Goal Side

SOCCER DEFENDING – GOAL SIDE

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In soccer, being goal side is the most basic position for defenders, placing themselves on an imaginary line between the goal they are defending and the opponents they are defending against.

In soccer, defenders must position themselves between their opponents and the goal. This is known as getting "goal side."

Soccer Defenders Goal Side

In teaching youth to “get goal side,” it has been found useful to just say, “You have to get in their way!”  This is not necessarily intuitive for most young, new, players.  Stated in other words, a new player has to be taught how to properly and legally find the location that keeps an opponent from getting to the goal.

The first technique recommended to teach players to get into a goal side position, is to move defenders out from their own goal toward forwards standing closer to midfield.  The defenders must be instructed how to stop well before getting to the forwards and then to recognize their placement in relation to the goal they are defending.

In soccer, defenders who must come up to meet their opponents must not get too close to establish their "goal side" position.

Soccer defenders moving up to meet their opponents.

In soccer, defenders who are behind their opponents need to run past them and turn around in order to put themselves in a proper, goal side, position. They must sprint sufficiently beyond the opponents, in order to have enough time to turn, so that the opponents cannot just run right past them.

In soccer, sometimes defenders must run past their opponents in order to get into a proper goal side position.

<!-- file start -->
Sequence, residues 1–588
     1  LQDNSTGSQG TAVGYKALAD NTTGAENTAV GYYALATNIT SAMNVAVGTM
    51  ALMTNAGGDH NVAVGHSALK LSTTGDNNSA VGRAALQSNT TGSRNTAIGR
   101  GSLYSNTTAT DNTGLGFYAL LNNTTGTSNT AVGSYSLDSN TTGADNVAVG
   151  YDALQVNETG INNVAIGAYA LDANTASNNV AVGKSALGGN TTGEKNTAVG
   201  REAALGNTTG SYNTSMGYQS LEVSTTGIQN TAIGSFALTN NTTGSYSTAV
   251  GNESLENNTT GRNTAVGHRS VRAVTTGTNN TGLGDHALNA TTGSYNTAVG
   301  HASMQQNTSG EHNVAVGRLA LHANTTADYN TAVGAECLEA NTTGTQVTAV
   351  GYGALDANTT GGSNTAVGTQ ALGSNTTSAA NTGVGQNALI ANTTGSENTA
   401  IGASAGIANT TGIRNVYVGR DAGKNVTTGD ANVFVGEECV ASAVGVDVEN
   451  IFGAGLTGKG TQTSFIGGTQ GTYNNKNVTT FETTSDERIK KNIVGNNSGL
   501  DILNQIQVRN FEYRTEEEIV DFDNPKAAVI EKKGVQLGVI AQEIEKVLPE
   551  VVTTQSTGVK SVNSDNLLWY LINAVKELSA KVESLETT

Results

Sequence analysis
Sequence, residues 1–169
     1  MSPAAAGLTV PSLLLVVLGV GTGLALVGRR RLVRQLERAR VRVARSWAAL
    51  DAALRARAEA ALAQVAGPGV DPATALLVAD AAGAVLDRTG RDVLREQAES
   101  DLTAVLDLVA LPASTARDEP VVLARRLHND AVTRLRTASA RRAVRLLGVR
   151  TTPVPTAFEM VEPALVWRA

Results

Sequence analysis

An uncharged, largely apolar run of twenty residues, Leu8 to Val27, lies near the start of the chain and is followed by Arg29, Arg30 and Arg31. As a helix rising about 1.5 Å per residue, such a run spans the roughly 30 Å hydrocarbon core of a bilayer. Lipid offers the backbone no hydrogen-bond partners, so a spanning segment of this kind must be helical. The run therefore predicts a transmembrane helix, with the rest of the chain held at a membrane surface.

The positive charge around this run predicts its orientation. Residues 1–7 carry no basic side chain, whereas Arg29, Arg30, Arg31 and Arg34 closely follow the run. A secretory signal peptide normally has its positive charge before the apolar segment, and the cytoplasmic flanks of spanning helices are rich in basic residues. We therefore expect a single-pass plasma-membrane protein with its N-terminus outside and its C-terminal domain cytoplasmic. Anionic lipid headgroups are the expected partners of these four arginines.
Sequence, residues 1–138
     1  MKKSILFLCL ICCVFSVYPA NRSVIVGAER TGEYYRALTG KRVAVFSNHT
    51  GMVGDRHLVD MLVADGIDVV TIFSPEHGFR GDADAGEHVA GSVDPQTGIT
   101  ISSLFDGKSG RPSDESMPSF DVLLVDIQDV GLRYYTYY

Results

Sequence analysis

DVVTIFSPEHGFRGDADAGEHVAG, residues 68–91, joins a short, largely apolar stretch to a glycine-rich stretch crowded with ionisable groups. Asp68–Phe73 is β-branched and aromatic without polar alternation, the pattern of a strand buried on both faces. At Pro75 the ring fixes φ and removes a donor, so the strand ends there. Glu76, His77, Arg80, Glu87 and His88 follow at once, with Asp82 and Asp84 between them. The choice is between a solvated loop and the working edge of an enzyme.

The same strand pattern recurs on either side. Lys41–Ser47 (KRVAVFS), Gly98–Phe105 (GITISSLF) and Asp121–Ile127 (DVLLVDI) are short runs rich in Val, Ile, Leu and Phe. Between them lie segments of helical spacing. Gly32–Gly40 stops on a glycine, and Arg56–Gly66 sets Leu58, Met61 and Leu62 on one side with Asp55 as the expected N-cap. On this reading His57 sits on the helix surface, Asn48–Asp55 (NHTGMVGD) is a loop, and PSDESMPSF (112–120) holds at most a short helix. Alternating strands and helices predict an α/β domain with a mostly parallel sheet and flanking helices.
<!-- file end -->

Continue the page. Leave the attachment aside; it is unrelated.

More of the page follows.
Running past opponents to get into goal side positions.

Instruction and Practice

  1. Each defender must be shown proper positioning for at least three basic locations, the right, the center, and the left.
  2. Each defender must be shown how their location must change with the movement of the opponent. Further, they must learn to take quick glances, or “peak,” back at the goal to understand their relative position.  Note that this also can involve using the markings on the field, specifically the lines delineating the Penalty Area.
  3. Without ball, have forwards move ahead, back, or sideways, at half-speed or less, to help defenders understand the movements that they must perform.
  4. Add a ball to the movements by forwards, again at half-speed or less.
  5. Increase the speed of movement.
  6. Demonstrate the need for defenders coming to meet a forward to understand if they get too close to a forward with the ball, how easily the forward can run right past.

Soccer Coaching Tips:

Significant one-on-one time with beginning youth is recommended to teach the concepts of getting goal side.

Analogies in American sports to getting goal side include guards in basketball and cornerbacks covering wide receivers in football.  Defenders must be instructed, however, that they may not block the opponent or put their arms out.  Youth in particular who have been exposed to basketball will commonly try to guard opponents in a hands-out-wide position.

See:  “Defensive Stance” for the next skill in the Individual Defending series.  This is followed by “Soccer Individual Defending.”

© Copyright, John C. Harves